Conservation Groups Oppose Superior National Forest ORV Plan (1/4/10)

St. Paul, MN — Conservation groups asked the U.S. Forest Service to rewrite a road-use plan that endangers wild lands and wildlife in Minnesota’s Superior National Forest and beyond. The groups asked Regional Forester Kent Connaughton to amend the first Travel Management Plan for the Superior National Forest because proposed off-road vehicle (ORV) routes will affect threatened lynx and wolf populations and also damage the Boundary Waters Canoe Area Wilderness.

“The U.S. Forest Service has not done its duty to minimize harm to the environment from ORVs,” says Kevin Proescholdt, the Izaak Walton League of America’s Director of Wilderness and Public Lands Programs. “The agency continues to ignore the forest destruction resulting from hundreds of miles of user-created roads and still has no concrete plan to remedy the problem or increase resource allocation to appropriately monitor these roads and the roads built for Forest Service use.”

The conservation groups first protested the proposed Travel Management Plan in April 2009, citing noise pollution, harm to air and water quality, the spread of invasive species, damage to the Boundary Waters Canoe Area Wilderness, and a failure to protect endangered and threatened species such as the Canada lynx and gray wolf.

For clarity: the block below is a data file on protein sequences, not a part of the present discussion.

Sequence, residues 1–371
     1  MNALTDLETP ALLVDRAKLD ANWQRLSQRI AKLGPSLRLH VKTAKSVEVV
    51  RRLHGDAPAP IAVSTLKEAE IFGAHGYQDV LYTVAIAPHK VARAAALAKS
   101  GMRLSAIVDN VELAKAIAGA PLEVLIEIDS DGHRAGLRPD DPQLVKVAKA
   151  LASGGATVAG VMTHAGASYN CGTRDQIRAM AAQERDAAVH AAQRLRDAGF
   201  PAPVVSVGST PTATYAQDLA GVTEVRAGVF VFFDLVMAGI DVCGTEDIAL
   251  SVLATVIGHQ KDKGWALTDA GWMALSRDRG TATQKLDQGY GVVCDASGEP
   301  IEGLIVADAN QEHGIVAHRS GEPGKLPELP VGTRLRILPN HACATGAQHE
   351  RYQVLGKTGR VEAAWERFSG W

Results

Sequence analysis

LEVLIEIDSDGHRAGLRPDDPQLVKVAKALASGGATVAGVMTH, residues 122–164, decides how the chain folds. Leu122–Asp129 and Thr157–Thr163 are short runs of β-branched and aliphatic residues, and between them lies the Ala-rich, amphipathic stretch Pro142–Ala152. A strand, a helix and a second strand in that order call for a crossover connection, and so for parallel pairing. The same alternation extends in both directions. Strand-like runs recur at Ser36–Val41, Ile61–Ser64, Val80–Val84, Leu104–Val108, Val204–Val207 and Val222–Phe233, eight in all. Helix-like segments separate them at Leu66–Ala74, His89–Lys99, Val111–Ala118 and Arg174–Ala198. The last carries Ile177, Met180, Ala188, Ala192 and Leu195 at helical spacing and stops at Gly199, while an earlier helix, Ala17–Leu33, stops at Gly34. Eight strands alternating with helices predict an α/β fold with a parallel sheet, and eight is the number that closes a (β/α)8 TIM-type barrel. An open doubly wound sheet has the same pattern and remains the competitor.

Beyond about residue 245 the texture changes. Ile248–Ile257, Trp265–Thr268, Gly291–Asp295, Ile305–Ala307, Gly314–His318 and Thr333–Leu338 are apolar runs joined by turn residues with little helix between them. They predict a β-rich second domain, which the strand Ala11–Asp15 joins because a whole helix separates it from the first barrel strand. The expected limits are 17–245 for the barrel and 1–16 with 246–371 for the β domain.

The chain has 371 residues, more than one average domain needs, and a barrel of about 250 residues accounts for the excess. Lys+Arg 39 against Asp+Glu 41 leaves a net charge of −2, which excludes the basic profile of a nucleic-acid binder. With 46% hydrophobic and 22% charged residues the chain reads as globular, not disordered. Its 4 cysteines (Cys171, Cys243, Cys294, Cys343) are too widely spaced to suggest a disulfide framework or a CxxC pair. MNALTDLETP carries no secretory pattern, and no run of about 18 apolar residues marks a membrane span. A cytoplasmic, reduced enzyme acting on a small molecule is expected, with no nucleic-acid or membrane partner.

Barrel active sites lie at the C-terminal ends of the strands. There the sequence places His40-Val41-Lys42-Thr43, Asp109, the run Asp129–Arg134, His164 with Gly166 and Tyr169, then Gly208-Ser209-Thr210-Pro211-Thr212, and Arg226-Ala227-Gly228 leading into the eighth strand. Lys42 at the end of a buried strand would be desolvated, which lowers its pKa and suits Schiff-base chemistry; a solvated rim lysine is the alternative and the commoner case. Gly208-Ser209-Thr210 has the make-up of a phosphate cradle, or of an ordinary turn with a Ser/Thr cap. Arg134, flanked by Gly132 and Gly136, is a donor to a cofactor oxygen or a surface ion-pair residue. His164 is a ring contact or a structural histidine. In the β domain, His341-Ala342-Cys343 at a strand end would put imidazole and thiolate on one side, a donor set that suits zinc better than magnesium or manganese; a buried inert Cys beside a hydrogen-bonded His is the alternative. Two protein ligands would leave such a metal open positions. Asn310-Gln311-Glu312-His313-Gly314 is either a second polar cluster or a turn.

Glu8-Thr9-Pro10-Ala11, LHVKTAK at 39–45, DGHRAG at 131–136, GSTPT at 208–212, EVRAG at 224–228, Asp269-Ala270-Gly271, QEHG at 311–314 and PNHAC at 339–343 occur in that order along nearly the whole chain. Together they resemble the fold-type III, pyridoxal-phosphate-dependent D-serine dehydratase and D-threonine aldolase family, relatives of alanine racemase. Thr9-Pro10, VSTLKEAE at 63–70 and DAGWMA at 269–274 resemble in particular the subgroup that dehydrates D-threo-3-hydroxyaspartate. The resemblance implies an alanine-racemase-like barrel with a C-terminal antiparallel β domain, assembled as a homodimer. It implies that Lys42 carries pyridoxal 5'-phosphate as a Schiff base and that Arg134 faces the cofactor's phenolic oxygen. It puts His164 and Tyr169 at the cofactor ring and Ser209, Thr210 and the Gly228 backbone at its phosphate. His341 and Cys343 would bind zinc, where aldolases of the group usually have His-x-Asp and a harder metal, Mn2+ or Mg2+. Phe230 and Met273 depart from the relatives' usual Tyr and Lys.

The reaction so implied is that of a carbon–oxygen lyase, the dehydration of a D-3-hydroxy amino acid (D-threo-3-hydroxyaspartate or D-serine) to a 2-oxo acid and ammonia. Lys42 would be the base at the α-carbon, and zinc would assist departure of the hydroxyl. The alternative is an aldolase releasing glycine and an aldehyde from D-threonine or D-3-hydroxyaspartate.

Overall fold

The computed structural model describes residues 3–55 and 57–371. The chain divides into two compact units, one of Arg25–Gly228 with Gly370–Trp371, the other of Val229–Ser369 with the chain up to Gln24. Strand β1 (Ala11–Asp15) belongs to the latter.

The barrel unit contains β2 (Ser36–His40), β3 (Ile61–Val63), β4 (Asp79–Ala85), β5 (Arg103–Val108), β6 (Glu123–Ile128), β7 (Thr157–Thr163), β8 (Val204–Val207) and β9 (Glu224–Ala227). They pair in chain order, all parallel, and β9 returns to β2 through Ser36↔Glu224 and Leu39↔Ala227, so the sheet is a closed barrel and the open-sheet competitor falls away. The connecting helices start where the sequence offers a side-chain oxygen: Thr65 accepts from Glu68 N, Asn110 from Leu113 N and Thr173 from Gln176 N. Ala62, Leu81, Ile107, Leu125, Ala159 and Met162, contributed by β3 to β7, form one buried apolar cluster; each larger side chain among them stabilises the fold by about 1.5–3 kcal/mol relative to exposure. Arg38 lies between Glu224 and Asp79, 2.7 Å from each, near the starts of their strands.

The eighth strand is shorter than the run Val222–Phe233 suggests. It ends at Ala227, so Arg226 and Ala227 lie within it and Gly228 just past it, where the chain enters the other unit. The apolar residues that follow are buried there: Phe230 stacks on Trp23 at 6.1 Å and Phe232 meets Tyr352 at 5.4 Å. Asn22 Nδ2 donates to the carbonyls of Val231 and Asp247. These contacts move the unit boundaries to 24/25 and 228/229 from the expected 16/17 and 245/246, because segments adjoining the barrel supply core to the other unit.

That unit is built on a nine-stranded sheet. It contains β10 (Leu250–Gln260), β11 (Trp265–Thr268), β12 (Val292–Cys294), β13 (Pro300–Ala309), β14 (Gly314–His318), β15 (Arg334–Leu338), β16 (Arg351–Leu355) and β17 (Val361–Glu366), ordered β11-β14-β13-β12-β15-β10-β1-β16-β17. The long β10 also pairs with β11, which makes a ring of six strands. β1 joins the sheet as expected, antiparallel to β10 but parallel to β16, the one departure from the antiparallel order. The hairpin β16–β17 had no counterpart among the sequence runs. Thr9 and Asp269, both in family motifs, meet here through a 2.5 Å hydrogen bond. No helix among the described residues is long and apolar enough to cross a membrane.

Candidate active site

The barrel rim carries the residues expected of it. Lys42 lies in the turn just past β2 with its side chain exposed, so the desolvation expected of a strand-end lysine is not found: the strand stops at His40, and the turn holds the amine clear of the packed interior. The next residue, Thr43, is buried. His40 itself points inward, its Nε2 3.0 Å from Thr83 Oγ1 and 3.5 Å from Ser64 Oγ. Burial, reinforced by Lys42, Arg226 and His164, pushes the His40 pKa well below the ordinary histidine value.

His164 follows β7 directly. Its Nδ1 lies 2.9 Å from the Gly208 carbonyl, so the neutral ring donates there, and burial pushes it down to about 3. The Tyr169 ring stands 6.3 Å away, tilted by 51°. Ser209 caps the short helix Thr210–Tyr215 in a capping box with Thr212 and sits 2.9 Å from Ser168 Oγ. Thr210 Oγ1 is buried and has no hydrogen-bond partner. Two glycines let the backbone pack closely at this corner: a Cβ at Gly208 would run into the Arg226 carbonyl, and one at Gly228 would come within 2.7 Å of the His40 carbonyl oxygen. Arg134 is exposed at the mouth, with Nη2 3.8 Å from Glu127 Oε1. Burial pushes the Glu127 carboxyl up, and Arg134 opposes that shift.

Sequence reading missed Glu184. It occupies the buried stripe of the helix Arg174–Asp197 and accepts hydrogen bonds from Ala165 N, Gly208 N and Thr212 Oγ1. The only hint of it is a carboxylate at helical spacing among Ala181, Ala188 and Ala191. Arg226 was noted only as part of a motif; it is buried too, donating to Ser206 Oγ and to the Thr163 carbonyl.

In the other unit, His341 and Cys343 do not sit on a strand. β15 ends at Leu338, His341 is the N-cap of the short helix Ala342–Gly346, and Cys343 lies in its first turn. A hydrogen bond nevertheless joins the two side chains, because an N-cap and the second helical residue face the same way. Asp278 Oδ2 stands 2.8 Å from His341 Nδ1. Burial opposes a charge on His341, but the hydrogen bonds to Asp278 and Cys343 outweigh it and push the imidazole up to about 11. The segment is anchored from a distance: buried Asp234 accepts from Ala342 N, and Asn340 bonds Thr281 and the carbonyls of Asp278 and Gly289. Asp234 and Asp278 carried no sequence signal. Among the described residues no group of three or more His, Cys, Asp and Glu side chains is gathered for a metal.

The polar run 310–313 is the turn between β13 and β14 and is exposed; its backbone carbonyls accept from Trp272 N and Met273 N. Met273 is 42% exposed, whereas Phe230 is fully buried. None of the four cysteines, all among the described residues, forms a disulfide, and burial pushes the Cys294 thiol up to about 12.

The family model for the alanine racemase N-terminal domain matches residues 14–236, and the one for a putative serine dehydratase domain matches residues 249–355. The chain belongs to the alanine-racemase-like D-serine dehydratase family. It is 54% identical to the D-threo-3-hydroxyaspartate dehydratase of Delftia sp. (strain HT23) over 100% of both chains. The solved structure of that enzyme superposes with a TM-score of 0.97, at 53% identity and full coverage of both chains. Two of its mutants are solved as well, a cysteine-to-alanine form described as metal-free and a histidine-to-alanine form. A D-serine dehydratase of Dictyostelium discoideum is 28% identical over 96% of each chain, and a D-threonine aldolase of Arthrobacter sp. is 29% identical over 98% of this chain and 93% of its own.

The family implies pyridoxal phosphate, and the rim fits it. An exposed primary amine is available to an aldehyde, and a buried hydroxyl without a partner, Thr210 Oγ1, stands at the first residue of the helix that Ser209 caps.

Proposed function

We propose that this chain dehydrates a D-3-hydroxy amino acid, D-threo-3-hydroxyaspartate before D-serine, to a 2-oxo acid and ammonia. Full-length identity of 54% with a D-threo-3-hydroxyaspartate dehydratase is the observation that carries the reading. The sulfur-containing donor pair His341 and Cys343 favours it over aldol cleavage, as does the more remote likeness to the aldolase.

Under the plan, 28 out of 30 Superior National Forest zones that house endangered Canada lynx populations will have open-road densities that violate U.S. Fish and Wildlife Service (FWS) guidelines for managing lynx populations. In addition, the Superior National Forest is the last U.S. gray wolf stronghold in the lower 48 states. High open-road densities harm wolf populations by increasing human access to wolf habitat, resulting in higher wolf mortality.

Sharon Stephens of the Sierra Club also notes that the Forest Service’s proposed plan for Superior National Forest does not offer any indication of when those few roads not designated as open would be physically removed – or how such closures would be paid for. “It’s unfortunate the Superior National Forest didn’t have a plan in place to take advantage of stimulus funds to create jobs that would get these unnecessary and harmful roads off the landscape,” says Stephens.

More than 1,600 miles of roads and trails would remain open to off-road vehicles under this plan, affecting all of the more than 2.7 million forest acres in Superior National Forest.

The conservation groups opposing the Superior National Forest ORV plan are the Center for Biological Diversity, Friends of the BWCAW, Izaak Walton League of America, League of Women Voters Minnesota, Minnesota Center for Environmental Advocacy, Northeastern Minnesotans for Wilderness, and Sierra Club. The groups have asked Regional Forester Kent Connaughton to reduce the miles of roads and trails officially open to ORVs and to complete a comprehensive plan for the forest’s entire road system.

 
 
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